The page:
Once appointed, the mediator “shall immediately schedule meetings at a time and location reasonably accessible to the parties.” (§ 1164, subd. (c); Cal. Code Regs., § 20405 [“The mediator shall appoint a time and place for the mediation ….”].) “Mediation” proceeds for a period of 30 days; on “expiration of the 30-day period, if the parties do not resolve the issues to their mutual satisfaction, the mediator shall certify that the mediation process has been exhausted.” (§ 1164, subd. (c).) The mediation period may be extended an additional 30 days “[u]pon mutual agreement of the parties.” (§ 1164, subd. (c); Cal. Code Regs., § 20407, subd. (a) [“The 30-day timelines may be waived by mutual agreement of the parties and with the approval of the mediator.”].) The 30 day period commences “on the date of the first scheduled mediation session.” (Cal. Code Regs., § 20407, subd. (a).)

         The Board’s implementing regulations specify how the mediation is to be conducted. Within seven days of receipt of a Board order directing the parties to MMC, the parties are required to serve on each other, and on the mediator upon his or her selection, a document which identifies the disputed and undisputed issues, as well as the standards by which they propose to resolve the disputed issues, and provides agreed upon contract language for the issues not in dispute. (Cal. Code Regs., § 20407, subd. (a)(1).) Thereafter, each party may demand from the other a witness list, which designates those witnesses who are experts, and a list of documents the party intends to introduce on the record at the mediation. (Id., §§ 20406, subd. (a), 20407, subd. (a).) Subpoenas requiring witness attendance and testimony, or the production of materials, may be issued on a party’s ex parte request-a Board member or Board-authorized person issues the subpoena if the request is made before the mediation begins, while the mediator addresses those requests made at or after the first mediation session. (Id., § 20406, subd. (b).) The mediator may enforce discovery duties by drawing adverse inferences, or imposing terms, conditions, or sanctions upon a party. (Id., § 20406, subd. (d).)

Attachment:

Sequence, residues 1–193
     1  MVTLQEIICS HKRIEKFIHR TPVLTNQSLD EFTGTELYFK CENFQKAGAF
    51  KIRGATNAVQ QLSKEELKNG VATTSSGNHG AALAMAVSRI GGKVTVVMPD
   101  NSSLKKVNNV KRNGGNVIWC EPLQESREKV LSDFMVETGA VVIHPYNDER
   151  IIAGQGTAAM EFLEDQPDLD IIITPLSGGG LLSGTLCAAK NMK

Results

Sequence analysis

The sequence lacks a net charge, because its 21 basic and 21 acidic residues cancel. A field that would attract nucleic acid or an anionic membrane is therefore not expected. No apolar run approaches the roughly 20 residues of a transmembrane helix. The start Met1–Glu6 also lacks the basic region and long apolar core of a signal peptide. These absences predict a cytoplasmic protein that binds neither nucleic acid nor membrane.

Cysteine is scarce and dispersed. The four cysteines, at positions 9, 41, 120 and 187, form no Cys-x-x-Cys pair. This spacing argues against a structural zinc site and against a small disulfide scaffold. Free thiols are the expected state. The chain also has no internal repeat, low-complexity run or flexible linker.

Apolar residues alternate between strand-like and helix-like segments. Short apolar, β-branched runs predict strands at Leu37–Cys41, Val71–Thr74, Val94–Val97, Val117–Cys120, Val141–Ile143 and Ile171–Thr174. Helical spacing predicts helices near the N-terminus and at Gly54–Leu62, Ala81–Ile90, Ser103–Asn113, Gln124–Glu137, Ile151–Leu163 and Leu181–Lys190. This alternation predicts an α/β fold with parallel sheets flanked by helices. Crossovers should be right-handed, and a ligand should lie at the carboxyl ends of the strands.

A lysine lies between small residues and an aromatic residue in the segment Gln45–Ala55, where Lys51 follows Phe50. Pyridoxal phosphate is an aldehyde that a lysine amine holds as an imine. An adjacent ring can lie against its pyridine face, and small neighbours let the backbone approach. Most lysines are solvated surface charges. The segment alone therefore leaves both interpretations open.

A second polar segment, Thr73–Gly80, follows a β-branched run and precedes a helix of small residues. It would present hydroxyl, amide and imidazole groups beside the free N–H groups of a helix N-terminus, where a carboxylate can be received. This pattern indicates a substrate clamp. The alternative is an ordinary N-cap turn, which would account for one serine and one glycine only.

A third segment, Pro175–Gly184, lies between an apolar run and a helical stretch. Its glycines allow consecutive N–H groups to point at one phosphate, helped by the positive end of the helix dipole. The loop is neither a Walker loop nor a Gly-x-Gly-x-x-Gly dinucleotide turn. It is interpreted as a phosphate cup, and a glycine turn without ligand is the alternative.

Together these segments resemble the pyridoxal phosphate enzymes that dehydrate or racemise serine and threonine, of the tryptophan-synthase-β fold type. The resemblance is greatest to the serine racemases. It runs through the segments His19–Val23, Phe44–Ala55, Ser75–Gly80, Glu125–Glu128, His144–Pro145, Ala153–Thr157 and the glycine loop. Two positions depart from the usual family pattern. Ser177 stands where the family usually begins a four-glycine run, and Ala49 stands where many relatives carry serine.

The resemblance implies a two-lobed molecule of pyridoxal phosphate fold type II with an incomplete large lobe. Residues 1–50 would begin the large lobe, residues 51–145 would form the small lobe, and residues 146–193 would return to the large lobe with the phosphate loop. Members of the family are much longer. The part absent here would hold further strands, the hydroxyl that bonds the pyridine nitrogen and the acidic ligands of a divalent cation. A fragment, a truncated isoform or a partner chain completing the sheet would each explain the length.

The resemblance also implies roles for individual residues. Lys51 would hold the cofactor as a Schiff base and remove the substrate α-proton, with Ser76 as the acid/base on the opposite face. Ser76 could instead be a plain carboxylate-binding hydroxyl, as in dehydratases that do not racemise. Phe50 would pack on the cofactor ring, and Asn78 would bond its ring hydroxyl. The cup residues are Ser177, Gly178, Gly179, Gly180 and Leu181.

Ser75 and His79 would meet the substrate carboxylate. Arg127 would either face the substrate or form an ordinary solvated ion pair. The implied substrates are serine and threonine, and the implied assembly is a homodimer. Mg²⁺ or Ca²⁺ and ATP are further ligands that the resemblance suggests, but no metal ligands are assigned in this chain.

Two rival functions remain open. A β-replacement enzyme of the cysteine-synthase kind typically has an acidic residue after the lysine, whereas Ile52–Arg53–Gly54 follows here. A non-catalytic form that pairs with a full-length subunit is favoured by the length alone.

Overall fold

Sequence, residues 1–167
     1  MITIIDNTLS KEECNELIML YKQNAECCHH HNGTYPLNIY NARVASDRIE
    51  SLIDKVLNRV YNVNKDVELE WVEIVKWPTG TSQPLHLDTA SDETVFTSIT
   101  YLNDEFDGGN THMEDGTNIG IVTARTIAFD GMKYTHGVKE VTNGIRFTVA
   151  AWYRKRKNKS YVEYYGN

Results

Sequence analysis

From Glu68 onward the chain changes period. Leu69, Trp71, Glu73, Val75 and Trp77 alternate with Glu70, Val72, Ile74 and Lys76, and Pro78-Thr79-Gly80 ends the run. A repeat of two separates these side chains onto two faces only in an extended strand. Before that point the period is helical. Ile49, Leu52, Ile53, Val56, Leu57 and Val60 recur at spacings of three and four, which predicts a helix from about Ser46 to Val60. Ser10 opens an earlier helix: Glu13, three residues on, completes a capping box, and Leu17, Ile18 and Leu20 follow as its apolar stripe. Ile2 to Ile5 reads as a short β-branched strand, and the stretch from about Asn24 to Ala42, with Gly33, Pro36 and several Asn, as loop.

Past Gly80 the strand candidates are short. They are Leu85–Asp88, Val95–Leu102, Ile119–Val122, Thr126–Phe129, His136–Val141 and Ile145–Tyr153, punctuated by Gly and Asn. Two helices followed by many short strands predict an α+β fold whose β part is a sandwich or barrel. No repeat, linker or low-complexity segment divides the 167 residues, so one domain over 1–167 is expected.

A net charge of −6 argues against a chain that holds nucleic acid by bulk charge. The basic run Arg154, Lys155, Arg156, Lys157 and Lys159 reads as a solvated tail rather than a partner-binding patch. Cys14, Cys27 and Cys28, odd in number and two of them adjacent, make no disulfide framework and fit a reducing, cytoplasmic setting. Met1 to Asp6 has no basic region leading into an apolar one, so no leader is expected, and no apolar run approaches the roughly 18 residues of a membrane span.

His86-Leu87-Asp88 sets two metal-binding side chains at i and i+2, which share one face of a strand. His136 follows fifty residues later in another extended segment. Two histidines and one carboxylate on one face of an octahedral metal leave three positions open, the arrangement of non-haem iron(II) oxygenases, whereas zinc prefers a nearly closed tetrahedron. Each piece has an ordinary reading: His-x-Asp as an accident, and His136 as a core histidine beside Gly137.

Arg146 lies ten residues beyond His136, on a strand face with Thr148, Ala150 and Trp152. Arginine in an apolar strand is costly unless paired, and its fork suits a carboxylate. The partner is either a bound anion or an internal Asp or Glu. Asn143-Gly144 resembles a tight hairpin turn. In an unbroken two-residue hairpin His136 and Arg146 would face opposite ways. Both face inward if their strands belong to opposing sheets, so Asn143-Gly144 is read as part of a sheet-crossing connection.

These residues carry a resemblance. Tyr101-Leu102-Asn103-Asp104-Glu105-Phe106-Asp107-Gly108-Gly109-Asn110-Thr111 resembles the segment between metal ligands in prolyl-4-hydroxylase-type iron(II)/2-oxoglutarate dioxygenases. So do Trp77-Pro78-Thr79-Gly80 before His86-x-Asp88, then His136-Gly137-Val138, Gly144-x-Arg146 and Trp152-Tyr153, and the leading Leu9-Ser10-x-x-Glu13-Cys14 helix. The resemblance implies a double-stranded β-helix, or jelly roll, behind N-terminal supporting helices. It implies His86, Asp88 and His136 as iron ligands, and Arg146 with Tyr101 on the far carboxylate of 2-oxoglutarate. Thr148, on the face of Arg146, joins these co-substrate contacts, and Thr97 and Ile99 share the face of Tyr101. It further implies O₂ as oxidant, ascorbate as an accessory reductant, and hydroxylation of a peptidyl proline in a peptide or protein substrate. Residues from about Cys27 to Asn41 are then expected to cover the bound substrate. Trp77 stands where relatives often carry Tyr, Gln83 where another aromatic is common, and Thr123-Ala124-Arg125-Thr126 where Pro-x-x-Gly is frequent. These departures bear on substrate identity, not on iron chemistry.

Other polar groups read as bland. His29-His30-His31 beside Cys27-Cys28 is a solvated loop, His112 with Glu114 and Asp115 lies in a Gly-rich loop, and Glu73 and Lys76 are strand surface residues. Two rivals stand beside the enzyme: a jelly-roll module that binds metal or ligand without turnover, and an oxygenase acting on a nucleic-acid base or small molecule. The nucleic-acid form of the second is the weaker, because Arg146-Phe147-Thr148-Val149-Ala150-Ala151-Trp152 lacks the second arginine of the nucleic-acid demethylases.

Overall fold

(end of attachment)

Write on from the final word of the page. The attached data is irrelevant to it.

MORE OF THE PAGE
The mediator presides at the mediation, rules on the admission and exclusion of evidence, as well as procedural questions, and “shall exercise all powers relating to the conduct of the mediation.” (Cal. Code Regs., § 20407, subd. (a)(2).) The evidence the mediator relies on in writing his or her report “shall be preserved in an official record through the use of a court reporting service or, with the consent of both parties and the approval of the mediator, by a stipulated record.” (Ibid.) The mediator “shall retain the discretion to go off the record at any time to clarify or resolve issues informally, ” but communications that take place off the record “shall not be the basis for any findings and conclusions in the mediator’s report.” (Ibid.) The parties are required to “provide the mediator with a detailed rationale for each of its contract proposals on issues that are in dispute” and “provide on the record supporting evidence to justify those proposals.” (Id., § 20407, subd. (a)(1).) In writing his or her report, the mediator is required to “cite evidence in the record that supports his or her findings and conclusions.” (Id., § 20407, subd. (a)(2).)